This morning, finding I was (yet again) left to my own devices, I made my way to the local library where I spent a rather fruitless morning going through back issues of ‘Mad Cornish Birds’ in search of clues to our feathery mystery. Unfortunately, it turned out that the phenomenon had not vanished with the night. On leaving the building at the side of a rather pretty young librarian (who had been assisting my search), a flock of seagulls swooped at us from out of nowhere, forcing me to push my new friend to the ground and leap on top of her in an effort to protect her womanly virtues.

I did offer to take her out to lunch as some meagre form of recompense, but the girl simply gave me a funny look and turned away. As I watched her walk off, I realised my flies were undone, which may explain her reaction. Then, gazing around me, I became engrossed in examining one of the dead seagulls which had attacked us – the dreadful creature was definitely deceased, but gazing into its lifeless eyes, I couldn’t help but think I’d seen its face somewhere before.

I had been back at the hotel only a few minutes, when I took delivery of another note from Holmes, this time conveyed by carrier pigeon. This in itself was rather curious – the bird did not arrive at my room in the usual manner, but appeared to have made its journey on foot. The strange creature rapped its beak on the door, untied the knot that held the message to its leg and held out the note in its beak, all the while staring at me with, again, a strangely familiar face.

Unfortunately (again), I fear Holmes has gone off on one of his ‘episodes’ and I may still be faced with solving this mystery on my own…

 

Watson
Whatever feelings of Irritation and Annoyance you are harbouring towards me, be assured that I possess them tenfold…you cannot imagine the turbulent maelstrom which is my Being at this moment in time –  the giant waves of virulent reprehension which are crashing on the rocky shores of my person threaten with each pounding volley to drown me in the boiling Seas of Despair and Despond…I cannot believe that I succumbed once again to the Siren Call of The Waters of Oblivion, to the seductive charms of Lethe, to seeking out the darker Roads to Freedom…but of course, all too soon they shape-shift in to our Gaolers and Tormentors, trapping us in the dingy, sordid cells of our very own Newgate – our Minds, which keep us captive, delighting in inflicting the most ingenious means of Punishment their twisted, bitter thoughts can concoct.

I shall start at the beginning…little did I realise the Horror which would ensue…It began with a chance encounter in Theosophilus Screech’s Tobacco Emporium. I was musing on the points of comparison between Black Harrington Twist and Worsted Old Shag, when I gradually became aware of a voice, penetrating my cogitations – “Why! – if it isn’t old Stinker Holmes himself!” (my habit of conducting chemical experiments even then left its often noxious impression on my clothes and hair earning me the unwelcome appellation).  I turned, to see Shufflebottom Minor’s familiar  bluff features beaming with simple pleasure  –  “Just the man I would wish to accompany us on our Expedition!” It turned out he was about to become joined in Holy Matrimony with the only daughter of one of our country’s Minor Nobility, and had planned a Last Blow-out with some of his Cronies, one of whom happened to be our friend RLS…need I say more.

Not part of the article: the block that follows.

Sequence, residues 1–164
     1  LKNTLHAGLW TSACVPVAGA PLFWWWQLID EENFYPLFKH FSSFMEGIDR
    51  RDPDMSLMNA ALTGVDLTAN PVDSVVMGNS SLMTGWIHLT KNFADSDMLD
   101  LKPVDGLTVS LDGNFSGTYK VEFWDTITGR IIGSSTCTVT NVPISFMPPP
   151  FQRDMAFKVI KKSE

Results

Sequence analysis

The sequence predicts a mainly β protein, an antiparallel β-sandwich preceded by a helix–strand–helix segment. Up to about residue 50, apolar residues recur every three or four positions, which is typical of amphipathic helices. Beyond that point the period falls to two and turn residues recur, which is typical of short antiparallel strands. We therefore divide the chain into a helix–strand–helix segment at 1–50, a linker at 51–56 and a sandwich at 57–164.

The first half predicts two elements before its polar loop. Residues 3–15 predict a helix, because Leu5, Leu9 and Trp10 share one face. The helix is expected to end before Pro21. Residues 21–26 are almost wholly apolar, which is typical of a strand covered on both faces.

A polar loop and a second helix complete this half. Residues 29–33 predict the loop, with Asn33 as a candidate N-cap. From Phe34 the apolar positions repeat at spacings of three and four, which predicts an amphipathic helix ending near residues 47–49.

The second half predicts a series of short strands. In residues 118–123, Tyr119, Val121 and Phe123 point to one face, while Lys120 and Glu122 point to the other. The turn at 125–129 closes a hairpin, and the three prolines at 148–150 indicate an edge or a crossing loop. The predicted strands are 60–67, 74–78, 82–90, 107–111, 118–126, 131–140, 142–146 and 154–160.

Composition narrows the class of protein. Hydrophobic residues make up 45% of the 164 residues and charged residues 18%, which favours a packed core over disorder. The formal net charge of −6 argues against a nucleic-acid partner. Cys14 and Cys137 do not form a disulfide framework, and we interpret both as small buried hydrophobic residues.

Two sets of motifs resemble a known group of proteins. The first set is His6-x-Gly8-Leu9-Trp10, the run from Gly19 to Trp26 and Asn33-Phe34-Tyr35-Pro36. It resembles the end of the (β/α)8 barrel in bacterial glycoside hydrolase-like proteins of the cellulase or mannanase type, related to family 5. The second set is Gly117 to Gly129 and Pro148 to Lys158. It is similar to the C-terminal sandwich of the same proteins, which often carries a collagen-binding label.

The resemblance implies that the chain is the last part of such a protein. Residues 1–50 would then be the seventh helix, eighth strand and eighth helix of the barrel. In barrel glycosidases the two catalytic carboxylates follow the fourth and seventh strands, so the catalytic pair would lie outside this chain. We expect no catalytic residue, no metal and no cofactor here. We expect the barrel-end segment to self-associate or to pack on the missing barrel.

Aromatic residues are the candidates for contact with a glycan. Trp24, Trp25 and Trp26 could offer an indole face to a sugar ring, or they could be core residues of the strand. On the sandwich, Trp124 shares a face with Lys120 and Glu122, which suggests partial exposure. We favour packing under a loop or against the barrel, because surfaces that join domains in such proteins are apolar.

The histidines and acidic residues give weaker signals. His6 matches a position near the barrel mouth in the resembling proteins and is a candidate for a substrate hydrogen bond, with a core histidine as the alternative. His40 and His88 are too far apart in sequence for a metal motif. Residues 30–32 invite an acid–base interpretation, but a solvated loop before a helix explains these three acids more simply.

I shall send you details of the ensuing Fracas once I have had a soothing and restorative Brew.

Prepare Yourself.

To Be Continued.

SH.

 
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Posted by on June 9, 2015 in Detective Fiction

 

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The Birds are Flown…

From Sherlock Holmes Esq to Doctor Watson:

Watson
I thought I had better let you know that Miss Hedren and myself are safe and unharmed; I trust you will not be offended by our sudden departure during your slumbers – we attempted to wake you, but you were like the proverbial log.

I Did advise that another Crème de Menthe might just be de trop – but by that time, your every fibre was energised to the nth degree, and your insistence on acting out every episode of “Murder She Wrote”  took precedence – your imitation of Joan Hickson’s “Marple” was consummate, and we were all agog at your “Poirot” as played by the thesp Suchet…to cut a long story short, Tippie  had had a telephone call,  forwarded by a certain Mr Farrell, from her daughter, Melanie, in a state of complete consternation, conveying disturbing revelations concerning her domestic arrangements – she had caught her husband, Antonio, in a compromising situation with a Mr Pitt and his good lady Angeline, a Mr Depp and his current paramour and various other members of the Acting Fraternity, and was consequently contemplating drastic ends.

Miss Hedren stated that you had had previous dealings with such ménages, and would have proved useful in the situation, but we were rewarded with nothing more than a prolonged snore and a small rivulet of drool for our efforts. I admit that I had no idea of this facet of your previous existence, but thought it best to remain silent, and let Miss Hedren call the shots, as my own rather cloistered life in that respect put me at a slight disadvantage.

I will send you further details as and when I am able,

SH.